Timing is so invaluable. Getting the right sequence is so invaluable. You can be doing all the right things and you’re so close to victory, but your timing is a tiny bit off so you fail and give up. “Johnny bit the dog/the dog bit Johnny” – they’re exactly the same words in a different sequence, and a very different result, especially if you’re Johnny. So say for example, you call the right person but you’re one minute too late or too early. If you do the exact same thing one minute later on you would succeed. Just a tiny shift in sequence and you would succeed. Some of it’s luck. But often you just need to find that 2mm difference and victory is there.
When going off gold standard, Ray Dalio (one of the world’s 100 richest men) was convinced the USD would bomb and end up worthless. Instead, the Nixon rally happened. It shook him to his core. He realised that as much as you think you know, you don’t know. In a game of lifelong focus, you always want to be asking yourself what you don’t know.
The world’s most successful investors have 5 things in common.
- They’re all obsessed with not losing money. You don’t need to make a lot of money. You just need to not lose it.
- They risk small to earn big. Only bet a dollar if you can make five. Even if you’re wrong, on your next bet you’ll still be up four.
- They all know they will be wrong some day. They allocate to account for that.
- They’re lifelong learners. They’re obsessed with knowing more. Any time you think you’re the best you can be, there’s another level.
- They’re all passionate givers. They give very passionately with their money and their time.
The reality is everyone’s a financial trader. Most people just trade time for money. That’s the worst trade of your life because you can never get more time. All the best investors know that.
Only a few things influence your life. Your body, your finances, your relationships. It’s not a lot of things. Learn about these things! Invest in them. Most people know a lot, but they know a lot about the wrong things.
Have strong opinions weakly held. Believe in something fully, but always be prepared to have your mind changed.
A belief is nothing compared to an experience. What you think you believe is nothing compared to what you have actually experienced.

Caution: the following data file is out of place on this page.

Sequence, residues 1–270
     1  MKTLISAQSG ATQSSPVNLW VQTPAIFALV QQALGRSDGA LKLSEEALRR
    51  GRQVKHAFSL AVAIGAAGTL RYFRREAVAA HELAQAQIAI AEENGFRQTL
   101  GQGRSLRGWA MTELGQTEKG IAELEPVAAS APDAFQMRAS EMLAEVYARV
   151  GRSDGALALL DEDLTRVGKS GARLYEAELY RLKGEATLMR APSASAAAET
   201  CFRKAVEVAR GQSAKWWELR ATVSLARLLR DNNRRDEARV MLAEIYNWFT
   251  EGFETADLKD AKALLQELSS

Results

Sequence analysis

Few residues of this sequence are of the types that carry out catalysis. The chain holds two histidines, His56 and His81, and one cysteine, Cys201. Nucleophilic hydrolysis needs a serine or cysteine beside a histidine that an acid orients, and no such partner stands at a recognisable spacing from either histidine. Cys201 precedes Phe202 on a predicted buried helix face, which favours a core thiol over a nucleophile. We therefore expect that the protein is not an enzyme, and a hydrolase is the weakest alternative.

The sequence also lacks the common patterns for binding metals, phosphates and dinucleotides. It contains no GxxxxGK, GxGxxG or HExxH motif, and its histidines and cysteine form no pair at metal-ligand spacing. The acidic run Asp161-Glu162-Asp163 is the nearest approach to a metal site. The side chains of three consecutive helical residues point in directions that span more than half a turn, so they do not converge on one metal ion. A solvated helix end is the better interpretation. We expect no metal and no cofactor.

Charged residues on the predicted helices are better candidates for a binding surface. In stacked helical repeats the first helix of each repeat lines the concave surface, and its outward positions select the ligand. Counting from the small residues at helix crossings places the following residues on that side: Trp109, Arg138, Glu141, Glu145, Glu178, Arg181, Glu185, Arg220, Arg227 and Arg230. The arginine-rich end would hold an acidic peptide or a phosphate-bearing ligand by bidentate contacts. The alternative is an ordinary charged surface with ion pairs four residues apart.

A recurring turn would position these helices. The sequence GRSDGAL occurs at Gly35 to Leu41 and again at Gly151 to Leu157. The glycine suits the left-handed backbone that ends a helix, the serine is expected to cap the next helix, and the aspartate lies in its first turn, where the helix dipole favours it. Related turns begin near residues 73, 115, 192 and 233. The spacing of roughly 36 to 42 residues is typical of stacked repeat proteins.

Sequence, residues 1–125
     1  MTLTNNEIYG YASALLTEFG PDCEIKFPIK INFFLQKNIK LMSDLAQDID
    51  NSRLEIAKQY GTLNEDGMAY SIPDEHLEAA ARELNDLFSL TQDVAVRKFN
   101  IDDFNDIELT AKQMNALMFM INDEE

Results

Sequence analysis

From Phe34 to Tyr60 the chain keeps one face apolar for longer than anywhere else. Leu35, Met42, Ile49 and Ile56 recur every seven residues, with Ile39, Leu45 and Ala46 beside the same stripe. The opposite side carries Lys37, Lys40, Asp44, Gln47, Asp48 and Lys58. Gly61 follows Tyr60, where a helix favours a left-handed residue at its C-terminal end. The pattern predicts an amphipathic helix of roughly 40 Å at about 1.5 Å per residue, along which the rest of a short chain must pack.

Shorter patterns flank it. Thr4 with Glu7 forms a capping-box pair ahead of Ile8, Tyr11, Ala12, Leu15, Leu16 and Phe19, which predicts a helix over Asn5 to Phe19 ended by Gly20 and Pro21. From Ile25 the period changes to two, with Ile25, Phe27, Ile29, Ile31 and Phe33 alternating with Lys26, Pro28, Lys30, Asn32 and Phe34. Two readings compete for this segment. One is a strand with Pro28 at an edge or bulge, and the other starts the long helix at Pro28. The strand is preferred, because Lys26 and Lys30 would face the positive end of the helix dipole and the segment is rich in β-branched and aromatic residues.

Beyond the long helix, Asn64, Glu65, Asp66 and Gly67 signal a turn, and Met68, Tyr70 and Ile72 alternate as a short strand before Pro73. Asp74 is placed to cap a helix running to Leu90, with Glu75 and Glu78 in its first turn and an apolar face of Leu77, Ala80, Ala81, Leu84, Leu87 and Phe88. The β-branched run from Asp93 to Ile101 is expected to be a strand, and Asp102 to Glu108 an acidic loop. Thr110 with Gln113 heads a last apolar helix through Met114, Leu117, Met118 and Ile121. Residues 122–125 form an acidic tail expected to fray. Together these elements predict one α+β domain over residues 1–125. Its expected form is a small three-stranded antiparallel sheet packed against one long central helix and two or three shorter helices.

Dips and down periods often come from inner conflicts that are hard to solve. To get out of it you need to keep asking what’s right, what’s real and trust your gut. Also stay hydrated and rest because in a lower state of energy you will break. In a high state of energy you can handle everything that’s thrown at you. Also understand that if you overcome pain, you can use that experience to help millions of others over come the same pain. Use that as motivation.
Money is either a tool used to empower your life or a weapon to be used against you. To stop it being used against you, the only solution is to educate yourself about it.
“What you know doesn’t mean shit. It’s what you do consistently that matters.”
“In every industry there are top players and the common trait is hunger. They just always have to know more. Their energy is driven by this insatiable hunger to always know more.”
“There was this guy, one of the top facial surgeons in the world. The Sultan of Brunei flew this guy over for $2 million to do two of his family’s faces. Anyone in Hollywood who had the money, this was the guy, the best on earth, because he had mathematically figured out how to trigger beauty. He had 150 pictures of the most beautiful women in the world, the same for men, and he showed that he makes no more than 7 changes ever, and no change is larger than 2mm. I saw an 84 year old woman look like she was in her fifties and gorgeous. For example, he knows that the measurement of the pupil of a woman’s eye, if you measure that, and if you measure the distance from below the nose to the top of a woman’s lip; this is only for women, if the measurement is smaller than the pupil, men will be driven and sexually attracted to that face. If it’s the same size as the pupil, there’s some attraction. If it’s just 2mm more, she has an average face. If it’s more than 2mm more, her face is what he calls butt ass ugly, that was a technical term he used. So he just makes this little change and it creates that puckered feeling that men don’t even know why, it’s instinctive, it’s just a triggering device, it’s instinctual. So he knows the 7 changes, and he knows the 2mm. And this is just like in golf, 2mm is the difference between shanking way over here and hitting the green. So that’s the whole thing – victory is near, but you just need to know the sequence.”
From The Bill Burr Monday Morning Podcast:
In football place kickers are supposed to hold the ball with the laces out. That’s where the phrase “Laces out” comes from. [Bren: I had no idea].
“To learn shit in life, you gotta have the mindset of “I’m probably going to fuck this up the first time, but that’s alright. Then I’ll get a little better.” Like when I made pasta, even just running it through the pasta maker, I already found like three fucking things I’m not going to do the next time.”